We can thus safely and fairly narrow our issues to the date which marked the opening of the plant, after the March, 1937, sit down strike. If we were to go back of March 2, the employees would be without right - for their sit down strike and their refusal to obey the order of the court, followed by their discharge because of such action, lost to them the right they otherwise might have enjoyed as employees, with an unsettled labor dispute.

On the other hand, it would be unfair, in view of this settlement to give to respondent a right which it deliberately and, as we believe, wisely, waived in the interest of peace and harmony. When respondent invited its employees to return to their old places, regardless of the sit down strike, it waived its right to treat the employees as though they were wrong doers whose lawless possession of employer's property, changed the fomer employees' status to that of tort feasors.

The employees' acceptance of re-employment without pressing their grievance against Mrs. Culbertson, and the respondent's aceptance of many sit down strikers without regard to their misconduct, constituted an implied exchange of forgiveness behind which we neither can, nor should, go.

It is true, there may be a question about the loss of an employee status by a striking employee who did not participate actively as a dispossessor, - as a stitter. The Board takes the position that only those who were actual sit down strikers in the plant are bound by the rule announced in National Labor Relations Board v. Fansteel Metallurgical Corp., 306 U.S. 240, 59 S. Ct. 490, 83 L. Ed. 627, 123 A.L.R. 599. While inclined to the other view, namely, that all members of a union who participate in a sit down strike called by the union, are liable, although a number less than the entire membership actually occupies the premises, and are bound by the consequences of the union's action, it is not necessary for us here, to decide that question. It is, moreover, difficult to distinguish between a member, who at the direction of the union, becomes an unlawful occupant of the plant during the strike, and another union member, who instead of sitting in the plant, feeds the sitter. Both are, we think, wilful tort feasors.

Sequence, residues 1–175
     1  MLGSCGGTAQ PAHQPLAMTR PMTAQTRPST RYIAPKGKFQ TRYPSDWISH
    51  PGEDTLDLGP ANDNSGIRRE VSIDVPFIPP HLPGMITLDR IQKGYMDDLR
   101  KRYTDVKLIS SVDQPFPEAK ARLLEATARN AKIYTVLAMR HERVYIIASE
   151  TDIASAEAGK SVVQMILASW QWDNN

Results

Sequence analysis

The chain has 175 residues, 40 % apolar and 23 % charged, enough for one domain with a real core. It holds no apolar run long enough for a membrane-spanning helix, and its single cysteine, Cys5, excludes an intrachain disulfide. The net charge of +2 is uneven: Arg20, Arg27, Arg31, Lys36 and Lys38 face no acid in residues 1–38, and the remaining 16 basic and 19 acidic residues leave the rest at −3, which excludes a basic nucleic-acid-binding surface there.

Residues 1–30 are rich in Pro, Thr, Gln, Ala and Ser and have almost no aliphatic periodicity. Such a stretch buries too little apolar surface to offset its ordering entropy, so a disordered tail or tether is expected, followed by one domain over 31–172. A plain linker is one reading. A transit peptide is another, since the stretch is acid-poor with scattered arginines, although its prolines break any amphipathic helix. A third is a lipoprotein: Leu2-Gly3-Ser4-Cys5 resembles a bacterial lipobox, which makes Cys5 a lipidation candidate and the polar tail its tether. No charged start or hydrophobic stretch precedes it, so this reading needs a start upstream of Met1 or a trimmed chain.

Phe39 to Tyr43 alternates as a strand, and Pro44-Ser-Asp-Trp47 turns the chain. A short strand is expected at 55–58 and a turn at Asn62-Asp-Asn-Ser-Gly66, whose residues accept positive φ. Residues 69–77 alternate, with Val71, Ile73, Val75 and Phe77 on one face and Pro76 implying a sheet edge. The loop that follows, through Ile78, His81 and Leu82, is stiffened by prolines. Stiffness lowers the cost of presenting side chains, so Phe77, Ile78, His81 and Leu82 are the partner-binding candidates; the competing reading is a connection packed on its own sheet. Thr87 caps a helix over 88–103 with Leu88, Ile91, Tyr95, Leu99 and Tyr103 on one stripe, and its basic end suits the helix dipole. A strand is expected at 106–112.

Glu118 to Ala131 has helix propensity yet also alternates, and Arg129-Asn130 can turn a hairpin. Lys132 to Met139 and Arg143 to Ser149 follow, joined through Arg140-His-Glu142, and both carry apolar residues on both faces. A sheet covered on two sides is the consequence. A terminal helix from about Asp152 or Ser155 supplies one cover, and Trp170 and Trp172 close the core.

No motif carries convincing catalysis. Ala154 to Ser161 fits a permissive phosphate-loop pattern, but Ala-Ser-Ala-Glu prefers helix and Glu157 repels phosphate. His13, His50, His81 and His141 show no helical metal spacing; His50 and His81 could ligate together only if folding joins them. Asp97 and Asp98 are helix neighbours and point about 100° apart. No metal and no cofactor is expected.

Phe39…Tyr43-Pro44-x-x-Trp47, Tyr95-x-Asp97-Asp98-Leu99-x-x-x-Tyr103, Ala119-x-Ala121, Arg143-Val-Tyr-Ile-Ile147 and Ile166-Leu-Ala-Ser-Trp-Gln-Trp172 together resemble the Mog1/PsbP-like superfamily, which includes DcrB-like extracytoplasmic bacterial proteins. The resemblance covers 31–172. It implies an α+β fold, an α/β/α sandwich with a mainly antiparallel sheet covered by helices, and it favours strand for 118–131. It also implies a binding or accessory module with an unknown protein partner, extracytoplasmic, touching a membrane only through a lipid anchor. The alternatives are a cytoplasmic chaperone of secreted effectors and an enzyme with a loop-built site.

Viewing the situation as we do, namely, that a settlement of mutual claims and grievances took place, we assume, and conclude, that grievances antedating said settlement which marked the reopening of the plant, were, by respondent, fully and completely waived. The same applies to the employees.

There was both an implied and an express agreement on the part of respondent to accept all employees, regardless of their past strike record, and subject only to their record of competency, and their blood or marital relation limitations as above stated.

Respondent does not, and cannot argue that it may refuse employment to the ten employees in question for any reason other than they were incompetent, or their marital status or blood relation to other employees in the same department, or that the absence of an opening when application was received justifies its action.

The employees' right to absolute re-employment adn to back pay, on the other hand, is dependent on our approval of the Board's finding that non-reinstatement was due to their union membership evidenced by the presentation of their application through the union rather than through individual applications as the respondent requested.